Writing: Crafting Creative Writing
Writing: Crafting Creative Writing Revision
Crafting Creative Writing
By the end of this page you should know how to respond effectively and efficiently to the writing section tasks in your GCSE exam.
We will learn what’s in the mark scheme, how to plan your answer, and how to give you a few structuring ideas so you understand what the examiner is looking for.
What Are You Being Tested On?
There are only two Assessment Objectives in the writing portion of the exam.
You may remember them from our previous pages…
AO5 and AO6!
Let’s have a refresher of what these two objectives entail.
From the mark scheme:
- Students should aim to communicate clearly, effectively and imaginatively.
- They can select and adapt their tone, style and register for different forms, purposes and audiences.
- Students are able to organise information and ideas, by using structural and grammatical features to support their coherence.
From the mark scheme:
- Students should use a range of vocabulary and sentence structures for clarity, purpose and effect in their writing.
- Students should have consistently accurate spelling and punctuation.
How to Plan your Answer
Thinking about themes:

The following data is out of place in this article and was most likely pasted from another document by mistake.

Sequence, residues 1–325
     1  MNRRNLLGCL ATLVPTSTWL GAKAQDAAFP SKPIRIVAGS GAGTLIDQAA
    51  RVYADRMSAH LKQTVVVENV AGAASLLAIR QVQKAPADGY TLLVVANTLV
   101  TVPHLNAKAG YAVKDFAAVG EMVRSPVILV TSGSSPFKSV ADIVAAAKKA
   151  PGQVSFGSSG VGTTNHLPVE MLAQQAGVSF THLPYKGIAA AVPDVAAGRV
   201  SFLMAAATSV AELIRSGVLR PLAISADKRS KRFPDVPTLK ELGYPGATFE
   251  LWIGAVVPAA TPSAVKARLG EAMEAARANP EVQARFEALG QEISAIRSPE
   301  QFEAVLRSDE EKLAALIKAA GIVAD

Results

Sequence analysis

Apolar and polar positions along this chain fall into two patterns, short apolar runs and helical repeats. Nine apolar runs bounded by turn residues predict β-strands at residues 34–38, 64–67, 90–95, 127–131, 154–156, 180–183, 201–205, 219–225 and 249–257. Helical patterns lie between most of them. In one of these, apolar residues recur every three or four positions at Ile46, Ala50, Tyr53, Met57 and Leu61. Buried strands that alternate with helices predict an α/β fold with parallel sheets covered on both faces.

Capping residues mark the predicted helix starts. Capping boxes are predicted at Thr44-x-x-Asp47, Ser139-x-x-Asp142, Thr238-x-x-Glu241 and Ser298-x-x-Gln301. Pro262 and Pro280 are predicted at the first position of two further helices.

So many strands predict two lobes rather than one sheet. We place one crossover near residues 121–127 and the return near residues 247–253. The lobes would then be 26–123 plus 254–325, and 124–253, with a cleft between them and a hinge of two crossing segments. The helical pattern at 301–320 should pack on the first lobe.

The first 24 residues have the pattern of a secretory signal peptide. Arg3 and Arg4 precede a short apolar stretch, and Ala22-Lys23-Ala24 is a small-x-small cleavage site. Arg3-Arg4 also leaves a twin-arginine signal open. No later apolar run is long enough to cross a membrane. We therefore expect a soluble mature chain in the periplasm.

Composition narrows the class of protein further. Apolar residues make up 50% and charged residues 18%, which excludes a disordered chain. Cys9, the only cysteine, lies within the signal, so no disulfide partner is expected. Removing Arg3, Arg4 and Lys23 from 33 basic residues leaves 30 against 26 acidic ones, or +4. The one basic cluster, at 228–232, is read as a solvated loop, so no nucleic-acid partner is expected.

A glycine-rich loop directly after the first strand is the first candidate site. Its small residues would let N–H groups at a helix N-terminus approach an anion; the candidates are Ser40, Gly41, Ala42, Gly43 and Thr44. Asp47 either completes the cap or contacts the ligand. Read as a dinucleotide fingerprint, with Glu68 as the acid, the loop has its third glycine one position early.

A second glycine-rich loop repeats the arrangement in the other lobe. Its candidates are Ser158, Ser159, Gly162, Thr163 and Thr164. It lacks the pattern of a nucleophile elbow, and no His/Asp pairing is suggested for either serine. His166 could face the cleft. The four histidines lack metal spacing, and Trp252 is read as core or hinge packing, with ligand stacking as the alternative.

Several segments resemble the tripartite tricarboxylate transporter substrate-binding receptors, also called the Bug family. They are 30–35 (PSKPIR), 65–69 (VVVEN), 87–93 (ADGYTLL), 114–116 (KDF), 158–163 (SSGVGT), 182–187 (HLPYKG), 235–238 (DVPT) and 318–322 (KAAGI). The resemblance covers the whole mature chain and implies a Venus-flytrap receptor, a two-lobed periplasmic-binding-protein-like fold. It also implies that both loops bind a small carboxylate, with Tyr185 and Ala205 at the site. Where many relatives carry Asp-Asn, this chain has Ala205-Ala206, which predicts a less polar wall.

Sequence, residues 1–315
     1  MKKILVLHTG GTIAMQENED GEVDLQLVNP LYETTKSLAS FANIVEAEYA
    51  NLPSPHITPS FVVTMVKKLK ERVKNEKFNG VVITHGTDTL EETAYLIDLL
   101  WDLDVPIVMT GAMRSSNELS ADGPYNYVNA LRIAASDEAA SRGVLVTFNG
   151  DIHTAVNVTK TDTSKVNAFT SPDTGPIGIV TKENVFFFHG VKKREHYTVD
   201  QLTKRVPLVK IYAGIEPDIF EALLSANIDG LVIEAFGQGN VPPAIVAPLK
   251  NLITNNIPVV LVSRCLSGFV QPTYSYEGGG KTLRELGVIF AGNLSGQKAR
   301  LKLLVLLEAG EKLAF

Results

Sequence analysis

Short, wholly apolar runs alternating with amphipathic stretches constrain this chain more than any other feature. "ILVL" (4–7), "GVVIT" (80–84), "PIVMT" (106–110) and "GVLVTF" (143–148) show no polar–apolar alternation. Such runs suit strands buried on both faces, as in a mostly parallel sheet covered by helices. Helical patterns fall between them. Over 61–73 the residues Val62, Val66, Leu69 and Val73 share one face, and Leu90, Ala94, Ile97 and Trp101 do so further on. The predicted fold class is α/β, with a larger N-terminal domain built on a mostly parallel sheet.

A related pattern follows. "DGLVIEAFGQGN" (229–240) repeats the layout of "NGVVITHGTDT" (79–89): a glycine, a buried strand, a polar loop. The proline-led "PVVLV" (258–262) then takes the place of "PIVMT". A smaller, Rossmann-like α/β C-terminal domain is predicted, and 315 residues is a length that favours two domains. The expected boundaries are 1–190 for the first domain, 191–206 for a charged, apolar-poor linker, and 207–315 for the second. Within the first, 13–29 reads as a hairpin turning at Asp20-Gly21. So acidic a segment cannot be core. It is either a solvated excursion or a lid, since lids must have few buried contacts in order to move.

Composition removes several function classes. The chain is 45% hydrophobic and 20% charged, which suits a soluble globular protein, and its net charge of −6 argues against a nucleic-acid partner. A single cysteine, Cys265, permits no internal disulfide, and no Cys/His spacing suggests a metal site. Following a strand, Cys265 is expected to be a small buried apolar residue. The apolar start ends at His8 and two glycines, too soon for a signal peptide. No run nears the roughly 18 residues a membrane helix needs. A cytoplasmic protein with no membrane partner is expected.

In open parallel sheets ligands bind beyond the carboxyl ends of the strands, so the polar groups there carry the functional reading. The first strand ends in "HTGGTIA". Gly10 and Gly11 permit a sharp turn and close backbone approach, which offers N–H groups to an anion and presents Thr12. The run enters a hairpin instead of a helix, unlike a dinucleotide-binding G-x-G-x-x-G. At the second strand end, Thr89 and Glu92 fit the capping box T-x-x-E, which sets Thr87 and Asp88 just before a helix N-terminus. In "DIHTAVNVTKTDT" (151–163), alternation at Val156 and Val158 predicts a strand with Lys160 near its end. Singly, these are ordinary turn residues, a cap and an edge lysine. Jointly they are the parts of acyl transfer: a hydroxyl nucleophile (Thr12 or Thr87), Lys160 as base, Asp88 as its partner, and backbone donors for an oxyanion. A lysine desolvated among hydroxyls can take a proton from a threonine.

By the time you get to the writing question, you will actually already have been given clues as to what the theme of this question will be!
Questions in a paper are usually under one theme.
If the questions from the reading section of Paper 1 focuses on ‘Oliver Twist‘ by Charles Dickens, the question might ask you to write a story inspired by the word ‘alone’.
Putting pen to paper:
Make a note of some key words or ideas that come up once you’ve read the question through properly.
If the focus is on climate change you might write pollution, deforestation, fire, smoke.
Here you can pull out themes or repeated ideas you find interesting or can develop into a creative piece.
In this example, you might write about a deforested section of the Amazon, using language techniques to describe fire and smoke, or presenting climate change in an emotive context.
Think about the individual parts of the question and which angles you could take. Some exam boards, including AQA, will give you an image for example, so you could use this to form the basis of your writing.
This will grab the examiner’s attention by showing that you are able to respond to a prompt and engage in specific questions creatively.